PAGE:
[crossposted, s.e.d dropped from followups]
On Sun, 12 Feb 2006 07:38:58 -0800, canadian_woodworker wrote:
Well, as long as I have your attention, it makes absolutely no difference
whatsoever which outlet on a main line has a GFCI - each one only protects
itself and what's plugged into it, and couldn't care less what's happening
[view in fixed font, with wrap off]
. Mains Hot -------+-------------+-------------+
. Mains Neut. -----|--+----------|--+----------|--+
. | | | | | |
. ------ ------ ------
. | GFCI | | GFCI | | GFCI |
. ------ ------ ------
. P.C P.C P.C
Where "P.C" means "Protected Circuit".
What has been suggested, (sorry, don't remember by whom - jalegris?) is to
use a GFCI circuit breaker, which goes on the left:
. Mains Hot --| GFCI |----+-------------+-------------+
. Mains Neut.--| C.B. |----|--+----------|--+----------|--+
. ------- | | | | | |
. Ordinary Ordinary Ordinary
. Outlet Outlet Outlet
That's "on the left" in my attempt at a diagram - in real life, it goes in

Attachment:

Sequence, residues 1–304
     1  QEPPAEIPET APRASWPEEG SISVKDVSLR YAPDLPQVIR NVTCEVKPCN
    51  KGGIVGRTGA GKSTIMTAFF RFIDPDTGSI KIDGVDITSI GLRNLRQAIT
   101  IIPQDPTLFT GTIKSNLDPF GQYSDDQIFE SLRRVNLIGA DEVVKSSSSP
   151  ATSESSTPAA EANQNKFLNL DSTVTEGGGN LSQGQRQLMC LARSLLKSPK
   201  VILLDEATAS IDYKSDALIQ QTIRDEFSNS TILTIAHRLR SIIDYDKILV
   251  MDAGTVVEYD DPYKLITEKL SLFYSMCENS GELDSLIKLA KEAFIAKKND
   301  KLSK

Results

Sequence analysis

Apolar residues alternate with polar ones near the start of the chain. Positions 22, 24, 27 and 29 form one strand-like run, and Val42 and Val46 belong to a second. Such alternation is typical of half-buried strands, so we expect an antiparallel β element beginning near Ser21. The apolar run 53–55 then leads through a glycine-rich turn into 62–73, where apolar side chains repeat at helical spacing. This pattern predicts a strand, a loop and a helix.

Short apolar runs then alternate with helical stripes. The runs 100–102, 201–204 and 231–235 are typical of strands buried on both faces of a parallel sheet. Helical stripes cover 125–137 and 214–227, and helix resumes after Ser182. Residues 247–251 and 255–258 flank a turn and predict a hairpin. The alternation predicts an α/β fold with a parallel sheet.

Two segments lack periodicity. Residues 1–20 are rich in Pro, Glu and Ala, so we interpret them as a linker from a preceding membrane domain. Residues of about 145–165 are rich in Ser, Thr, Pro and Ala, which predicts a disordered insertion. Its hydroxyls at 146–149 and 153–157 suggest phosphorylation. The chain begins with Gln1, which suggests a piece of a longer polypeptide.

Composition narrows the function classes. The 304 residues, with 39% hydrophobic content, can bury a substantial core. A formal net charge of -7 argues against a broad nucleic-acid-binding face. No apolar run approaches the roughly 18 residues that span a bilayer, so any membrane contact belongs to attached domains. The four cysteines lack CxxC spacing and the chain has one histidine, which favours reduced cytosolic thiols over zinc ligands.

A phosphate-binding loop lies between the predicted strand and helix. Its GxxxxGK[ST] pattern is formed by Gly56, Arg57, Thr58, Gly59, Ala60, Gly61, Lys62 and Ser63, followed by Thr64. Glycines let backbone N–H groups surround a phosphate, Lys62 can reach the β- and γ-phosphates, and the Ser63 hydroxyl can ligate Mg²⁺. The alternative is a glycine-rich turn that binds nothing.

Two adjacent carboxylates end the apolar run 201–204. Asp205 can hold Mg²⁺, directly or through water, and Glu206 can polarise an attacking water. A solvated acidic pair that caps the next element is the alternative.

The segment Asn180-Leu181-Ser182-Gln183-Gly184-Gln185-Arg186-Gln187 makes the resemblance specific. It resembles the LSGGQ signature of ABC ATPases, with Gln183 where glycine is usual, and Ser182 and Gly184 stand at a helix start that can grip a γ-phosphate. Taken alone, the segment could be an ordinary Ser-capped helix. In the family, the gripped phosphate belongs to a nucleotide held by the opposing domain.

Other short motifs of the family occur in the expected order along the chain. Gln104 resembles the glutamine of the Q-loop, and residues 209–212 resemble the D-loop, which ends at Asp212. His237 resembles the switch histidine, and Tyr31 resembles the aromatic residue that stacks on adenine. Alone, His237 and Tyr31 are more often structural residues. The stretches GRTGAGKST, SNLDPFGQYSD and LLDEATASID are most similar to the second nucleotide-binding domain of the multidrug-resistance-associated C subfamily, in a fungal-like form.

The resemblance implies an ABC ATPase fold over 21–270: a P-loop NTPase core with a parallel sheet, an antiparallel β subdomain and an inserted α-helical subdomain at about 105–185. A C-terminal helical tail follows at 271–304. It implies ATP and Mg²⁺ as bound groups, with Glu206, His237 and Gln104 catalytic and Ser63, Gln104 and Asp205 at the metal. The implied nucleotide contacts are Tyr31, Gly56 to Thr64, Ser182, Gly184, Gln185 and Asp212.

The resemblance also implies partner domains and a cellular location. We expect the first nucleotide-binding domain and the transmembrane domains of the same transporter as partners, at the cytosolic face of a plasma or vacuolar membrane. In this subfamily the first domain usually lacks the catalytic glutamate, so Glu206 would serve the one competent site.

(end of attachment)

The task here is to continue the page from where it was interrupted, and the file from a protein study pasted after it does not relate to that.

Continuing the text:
the breaker panel.
Or, of course, you could upgrade your wiring - it will increase the resale
value of the house considerably! :-)
Not true. GFCI outlets have a gazinta and a gazouta. Anything
attached to the gazouta side is also protected by the GFCI. The
feed-through is usually rated at 20A, which is likely the same as
the branch circuit. If he can find the first outlet he can protect
the whole circuit with a $10 GFCI outlet, rather than a $25 GFCI
breaker. He won't have to go into the basement (or outside, in my
case) to reset the GFCI either.
It could be a GFCI in the first outlet on the circuit, as well.
In Canada, at least, it CAN make a difference depending on where you
put the GFCI outlet - it has input and output terminals. By connecting
it as the first in a chain you can protect all the other downstream
outlets. That's what the OP is trying to do. Of course, you could put
GFCI's on every outlet, but it's overkill. Or should I say underkill?